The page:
*A good example of why appeals to the Greater Good are dangerous and should be used only with great caution and great respect for the rights and interests of others.

**At least when we look at Filitt and the original apocalypse. The later events in the “city” are hard to see as more than self-preservation without a genuinely proposed Greater Good.

***Assuming that his culpability was known to them; otherwise, a more general target.

Excursion on reading material for precocious children:
The problems with reading “too adult” books too young are not limited to a mere lack of appreciation and benefit—it can also include exposure to material of a potentially harmful character: The too scary, too violent, too sexualized, … This only partly because of the risk of a direct negative influence*, but also because of the incomprehensibility of too many events that are easily understood by someone older. I can e.g. recall my first contact, at a very young age, with the word “condom” (resp. the Swedish “kondom”): A teenage couple was talking to each other, the boy pulled a carton (“kartong”)** of condoms out of his jacket, and the girl expressed a considerable reluctance—teenage stereotypes 101. I was so ignorant of related matters that I focused on “carton”, pictured the thing I associated most strongly with this word, a carton of corn flakes, and was highly confused—starting with the question how he had managed to carry it in his jacket… Such lack of comprehension can, in it self, cause a feeling similar to some night-mares when prolonged.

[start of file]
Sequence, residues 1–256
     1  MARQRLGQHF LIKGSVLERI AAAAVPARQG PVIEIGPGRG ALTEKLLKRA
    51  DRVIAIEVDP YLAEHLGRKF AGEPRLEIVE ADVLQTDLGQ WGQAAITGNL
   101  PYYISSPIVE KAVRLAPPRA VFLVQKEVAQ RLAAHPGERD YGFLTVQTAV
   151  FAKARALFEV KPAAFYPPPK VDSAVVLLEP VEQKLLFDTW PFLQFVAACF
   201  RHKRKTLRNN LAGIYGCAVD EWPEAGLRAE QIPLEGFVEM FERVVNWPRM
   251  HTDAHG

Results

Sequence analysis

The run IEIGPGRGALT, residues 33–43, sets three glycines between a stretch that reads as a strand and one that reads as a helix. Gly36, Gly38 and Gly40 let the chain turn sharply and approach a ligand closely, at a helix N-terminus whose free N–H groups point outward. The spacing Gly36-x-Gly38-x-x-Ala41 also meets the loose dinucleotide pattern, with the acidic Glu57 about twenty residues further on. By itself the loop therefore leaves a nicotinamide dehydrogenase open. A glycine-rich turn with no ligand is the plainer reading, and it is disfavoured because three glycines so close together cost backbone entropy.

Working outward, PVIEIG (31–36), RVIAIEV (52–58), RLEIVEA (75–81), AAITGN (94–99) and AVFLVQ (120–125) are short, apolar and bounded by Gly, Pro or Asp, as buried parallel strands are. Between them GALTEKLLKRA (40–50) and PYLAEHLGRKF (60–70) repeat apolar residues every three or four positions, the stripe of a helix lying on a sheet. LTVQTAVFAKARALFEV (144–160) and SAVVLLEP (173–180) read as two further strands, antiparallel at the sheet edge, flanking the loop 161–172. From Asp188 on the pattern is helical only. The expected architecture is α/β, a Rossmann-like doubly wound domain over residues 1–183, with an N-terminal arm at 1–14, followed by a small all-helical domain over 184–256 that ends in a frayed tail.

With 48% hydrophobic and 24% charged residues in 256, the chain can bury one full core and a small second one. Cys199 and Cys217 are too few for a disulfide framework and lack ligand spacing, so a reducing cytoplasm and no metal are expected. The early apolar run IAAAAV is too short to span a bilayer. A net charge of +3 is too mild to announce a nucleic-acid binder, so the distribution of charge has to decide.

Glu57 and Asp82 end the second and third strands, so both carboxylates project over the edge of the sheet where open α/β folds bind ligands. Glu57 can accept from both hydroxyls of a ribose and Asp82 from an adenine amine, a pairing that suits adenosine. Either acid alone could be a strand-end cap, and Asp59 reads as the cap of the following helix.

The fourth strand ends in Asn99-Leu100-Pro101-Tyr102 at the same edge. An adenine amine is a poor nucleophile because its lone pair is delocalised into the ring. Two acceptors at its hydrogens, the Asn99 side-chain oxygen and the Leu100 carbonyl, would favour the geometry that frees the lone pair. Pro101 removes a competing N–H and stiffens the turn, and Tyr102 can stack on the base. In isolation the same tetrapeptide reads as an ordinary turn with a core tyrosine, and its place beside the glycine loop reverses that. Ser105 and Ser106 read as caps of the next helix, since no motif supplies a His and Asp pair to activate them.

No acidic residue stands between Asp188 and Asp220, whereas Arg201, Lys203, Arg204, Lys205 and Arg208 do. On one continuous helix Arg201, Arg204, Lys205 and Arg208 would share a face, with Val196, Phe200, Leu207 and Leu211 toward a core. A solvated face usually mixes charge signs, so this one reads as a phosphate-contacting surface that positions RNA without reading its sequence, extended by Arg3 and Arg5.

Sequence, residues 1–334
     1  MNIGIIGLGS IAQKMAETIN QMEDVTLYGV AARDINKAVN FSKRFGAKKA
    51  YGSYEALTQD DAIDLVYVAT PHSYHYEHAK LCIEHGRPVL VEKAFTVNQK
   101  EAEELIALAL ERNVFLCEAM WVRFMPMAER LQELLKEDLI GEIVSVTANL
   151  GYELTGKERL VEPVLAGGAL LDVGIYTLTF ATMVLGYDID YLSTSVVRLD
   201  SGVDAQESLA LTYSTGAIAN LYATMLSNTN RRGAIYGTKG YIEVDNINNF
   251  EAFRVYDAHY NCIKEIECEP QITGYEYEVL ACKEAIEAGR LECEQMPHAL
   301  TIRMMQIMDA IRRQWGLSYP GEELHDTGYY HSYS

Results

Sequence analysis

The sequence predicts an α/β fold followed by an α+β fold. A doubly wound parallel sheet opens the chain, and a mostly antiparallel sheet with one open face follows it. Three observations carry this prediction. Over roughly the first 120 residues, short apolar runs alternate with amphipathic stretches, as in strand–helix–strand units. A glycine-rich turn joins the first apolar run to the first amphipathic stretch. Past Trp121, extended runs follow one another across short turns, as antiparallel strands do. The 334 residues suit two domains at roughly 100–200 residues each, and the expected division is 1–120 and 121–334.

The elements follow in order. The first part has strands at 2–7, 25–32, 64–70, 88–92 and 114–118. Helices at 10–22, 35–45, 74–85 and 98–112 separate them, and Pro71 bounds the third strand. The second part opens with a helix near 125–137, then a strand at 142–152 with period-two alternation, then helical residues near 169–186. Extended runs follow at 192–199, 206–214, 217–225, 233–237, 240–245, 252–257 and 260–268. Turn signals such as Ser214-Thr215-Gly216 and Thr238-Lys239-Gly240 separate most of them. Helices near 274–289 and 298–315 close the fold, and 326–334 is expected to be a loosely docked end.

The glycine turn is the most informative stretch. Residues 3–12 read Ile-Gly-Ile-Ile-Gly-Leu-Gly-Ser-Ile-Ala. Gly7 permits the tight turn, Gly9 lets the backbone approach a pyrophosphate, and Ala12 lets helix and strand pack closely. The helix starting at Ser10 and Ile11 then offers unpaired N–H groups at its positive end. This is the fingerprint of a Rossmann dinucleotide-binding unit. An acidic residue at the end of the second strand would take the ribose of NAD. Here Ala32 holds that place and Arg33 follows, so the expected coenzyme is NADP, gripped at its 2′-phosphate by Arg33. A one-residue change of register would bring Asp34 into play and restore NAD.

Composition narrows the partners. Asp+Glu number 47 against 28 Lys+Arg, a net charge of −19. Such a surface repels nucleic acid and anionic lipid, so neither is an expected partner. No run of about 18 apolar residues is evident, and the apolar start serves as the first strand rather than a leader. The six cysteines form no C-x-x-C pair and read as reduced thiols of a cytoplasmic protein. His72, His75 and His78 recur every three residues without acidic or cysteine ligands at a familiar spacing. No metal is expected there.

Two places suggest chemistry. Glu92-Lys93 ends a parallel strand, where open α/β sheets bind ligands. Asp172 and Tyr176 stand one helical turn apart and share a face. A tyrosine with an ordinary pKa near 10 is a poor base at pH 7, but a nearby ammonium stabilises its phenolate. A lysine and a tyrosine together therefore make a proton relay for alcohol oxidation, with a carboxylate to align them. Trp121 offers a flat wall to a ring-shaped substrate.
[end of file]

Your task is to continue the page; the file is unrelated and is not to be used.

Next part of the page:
*Which I recognize, but where I do not want to call for a moral panic: Being too strict is just as bad as being too lax.

**Note that in an English text the words used or associations present might be different.

On the other hand, material that is “age appropriate” is also usually so much shorter, using so much simpler language, whatnot, that a precocious reader risks being severely understimulated. To boot, a parental ban on certain books will likely do more to increase interest than prevent reading…

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August 27, 2018 at 6:36 pm

A few points concerning the movie “Anon”